The use of interns is getting political attention with it now clearly on the Government’s radar; Government Press Release. If you engage interns (or volunteers), there are some important aspects that you should consider.

Internships can be a very legitimate way for someone to secure meaningful work experience that could help them with their career choice and/or benefit them in securing a job. They also give you access to individuals whom you may ultimately employ (often without the need to recruit) and help encourage people to work in your trade/profession.

Internships are increasingly common, but many feel they are now being abused. The Government is calling for any unpaid internships of more than four weeks to be banned and, regardless on the length of the internship, interns may acquire employment protection.

There are two categories to consider; whether an intern is an employee or a worker.

Employees have all the rights of a worker, plus the right to claim unfair dismissal. However, in order to claim ordinary unfair dismissal, two years continuous service is required. Most internships will be for less than two continuous years, so this may not be of much concern to you. Obviously, if you engage an unpaid intern (or volunteer) for more than two years the duration is itself likely to be evidence that they are an employee.

Therefore, the main focus is whether the intern is a “worker”. Whether somebody is a worker often falls down to the following test; “…the individual undertakes to do or perform personally any work or services for another party…”

If the intern is providing the service personally and there is “mutuality of obligation” (i.e. duties flowing between you and the intern) then intern will most likely be a worker. Typical signs that there is “mutuality of obligation” are that:

  • the intern is engaged to work full-time/exclusively for you; and
  • you are controlling:
    • the hours they work;
    • what work they do;
    • how they do that work;
    • where they work;
    • who they work with etc.

If these are present then, in all likelihood, the intern will be a worker. The more that exist, the greater the risk that the intern is a worker.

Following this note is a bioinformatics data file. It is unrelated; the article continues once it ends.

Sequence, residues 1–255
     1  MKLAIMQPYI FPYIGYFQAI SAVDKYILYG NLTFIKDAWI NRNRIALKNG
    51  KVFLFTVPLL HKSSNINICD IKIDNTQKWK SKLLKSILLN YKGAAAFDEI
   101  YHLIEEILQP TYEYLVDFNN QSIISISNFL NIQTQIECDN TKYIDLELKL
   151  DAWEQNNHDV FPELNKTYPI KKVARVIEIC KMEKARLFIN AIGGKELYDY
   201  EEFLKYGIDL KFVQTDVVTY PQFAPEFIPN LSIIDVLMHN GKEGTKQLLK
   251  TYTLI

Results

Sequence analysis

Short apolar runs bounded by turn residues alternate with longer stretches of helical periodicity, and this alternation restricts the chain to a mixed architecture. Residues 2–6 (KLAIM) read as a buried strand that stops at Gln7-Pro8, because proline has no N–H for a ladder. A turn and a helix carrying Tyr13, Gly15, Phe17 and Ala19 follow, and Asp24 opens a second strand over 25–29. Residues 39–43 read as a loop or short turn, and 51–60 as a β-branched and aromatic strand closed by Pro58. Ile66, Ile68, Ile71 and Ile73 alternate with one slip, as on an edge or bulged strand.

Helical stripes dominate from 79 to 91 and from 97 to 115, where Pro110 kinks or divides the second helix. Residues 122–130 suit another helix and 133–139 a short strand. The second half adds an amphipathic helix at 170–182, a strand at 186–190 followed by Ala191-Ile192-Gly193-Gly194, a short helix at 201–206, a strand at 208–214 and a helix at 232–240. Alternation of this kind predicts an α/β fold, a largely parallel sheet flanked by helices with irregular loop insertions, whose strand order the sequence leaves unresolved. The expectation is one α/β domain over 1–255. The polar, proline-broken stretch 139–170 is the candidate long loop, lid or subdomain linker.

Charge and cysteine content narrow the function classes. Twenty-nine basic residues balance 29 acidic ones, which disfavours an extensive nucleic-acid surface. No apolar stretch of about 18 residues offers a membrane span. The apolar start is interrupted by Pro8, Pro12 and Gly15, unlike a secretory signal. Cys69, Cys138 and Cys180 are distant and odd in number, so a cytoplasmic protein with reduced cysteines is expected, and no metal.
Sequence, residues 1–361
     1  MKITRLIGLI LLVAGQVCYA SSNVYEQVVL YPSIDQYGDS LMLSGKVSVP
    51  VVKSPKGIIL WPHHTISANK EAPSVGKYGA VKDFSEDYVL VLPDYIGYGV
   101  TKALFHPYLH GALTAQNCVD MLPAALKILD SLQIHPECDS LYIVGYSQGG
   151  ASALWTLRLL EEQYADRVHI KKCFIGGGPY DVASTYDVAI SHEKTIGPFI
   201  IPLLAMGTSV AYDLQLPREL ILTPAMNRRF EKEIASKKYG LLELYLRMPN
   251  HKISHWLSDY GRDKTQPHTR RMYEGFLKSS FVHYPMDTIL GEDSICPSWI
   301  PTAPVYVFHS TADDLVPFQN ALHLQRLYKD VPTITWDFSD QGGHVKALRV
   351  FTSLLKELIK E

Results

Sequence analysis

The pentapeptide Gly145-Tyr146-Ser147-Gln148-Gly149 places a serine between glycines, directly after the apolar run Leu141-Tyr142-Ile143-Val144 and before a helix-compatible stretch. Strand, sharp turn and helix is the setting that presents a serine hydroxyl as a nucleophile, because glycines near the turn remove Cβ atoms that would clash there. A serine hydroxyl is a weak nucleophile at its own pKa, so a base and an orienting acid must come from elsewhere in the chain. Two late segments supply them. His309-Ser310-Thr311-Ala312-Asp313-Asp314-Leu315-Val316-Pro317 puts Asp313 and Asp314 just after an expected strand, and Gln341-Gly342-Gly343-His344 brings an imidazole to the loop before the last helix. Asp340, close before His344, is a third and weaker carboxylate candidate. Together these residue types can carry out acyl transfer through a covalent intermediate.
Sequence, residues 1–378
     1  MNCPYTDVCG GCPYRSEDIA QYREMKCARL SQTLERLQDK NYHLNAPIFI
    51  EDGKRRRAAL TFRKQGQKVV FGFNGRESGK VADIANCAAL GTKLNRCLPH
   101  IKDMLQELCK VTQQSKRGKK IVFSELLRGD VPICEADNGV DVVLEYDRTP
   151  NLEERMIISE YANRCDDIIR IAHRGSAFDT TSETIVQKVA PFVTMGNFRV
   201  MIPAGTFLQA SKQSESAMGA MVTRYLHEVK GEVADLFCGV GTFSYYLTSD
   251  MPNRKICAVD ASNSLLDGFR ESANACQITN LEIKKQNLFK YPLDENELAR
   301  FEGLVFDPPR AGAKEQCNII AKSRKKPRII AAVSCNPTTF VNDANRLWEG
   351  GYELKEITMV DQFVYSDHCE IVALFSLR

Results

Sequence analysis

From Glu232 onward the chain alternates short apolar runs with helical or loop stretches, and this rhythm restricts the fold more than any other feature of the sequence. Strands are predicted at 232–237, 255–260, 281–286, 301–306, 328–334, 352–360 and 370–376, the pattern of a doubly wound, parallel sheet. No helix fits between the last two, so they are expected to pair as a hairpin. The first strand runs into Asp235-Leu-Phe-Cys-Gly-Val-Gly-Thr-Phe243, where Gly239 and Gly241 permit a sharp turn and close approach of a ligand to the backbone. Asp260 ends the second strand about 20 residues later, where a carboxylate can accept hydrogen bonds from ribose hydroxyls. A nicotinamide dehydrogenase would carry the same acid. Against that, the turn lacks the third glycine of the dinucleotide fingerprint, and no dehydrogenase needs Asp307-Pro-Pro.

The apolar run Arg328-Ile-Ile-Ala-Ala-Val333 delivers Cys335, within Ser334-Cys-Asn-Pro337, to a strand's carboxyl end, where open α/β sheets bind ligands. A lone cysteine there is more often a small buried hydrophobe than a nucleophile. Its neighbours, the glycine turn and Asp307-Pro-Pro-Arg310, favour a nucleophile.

If an intern is a worker they will be entitled to:

  1. Statutory rights, such as the right paid annual leave (but not the right to be paid a redundancy payment, nor to claim unfair dismissal – for this they need to be an employee);
  2. The right to receive the National Minimum Wage (NMW); and
  3.  The right not to suffer discrimination.

Of those, the one that may cause you most concern is the right to be paid the NMW. Often internships are unpaid, so you need to be very careful to ensure that the individual is not a worker so that you avoid any obligations under the NMW.

In addition, there is the obligation to give holiday, so if the intern does not have the benefit of holiday, that too can be claimed from you.

It is advisable to have an agreement in place with any interns, so they and you are clear on their/your rights and duties. While an agreement will seek to protect you, fundamentally, it will be how you treat/manage/supervise the interns that will determine their rights.

As you can see from the Government article (above), there is also concern that interns are generally awarded based on “who” somebody knows, not “what” they know. This means that young people from low-income backgrounds are being excluded; meaning employers are missing out on a wider pool of talent and certain individuals are missing out on career opportunities.

If you are concerned how your business uses or engages interns (or volunteers) then please contact us to discuss.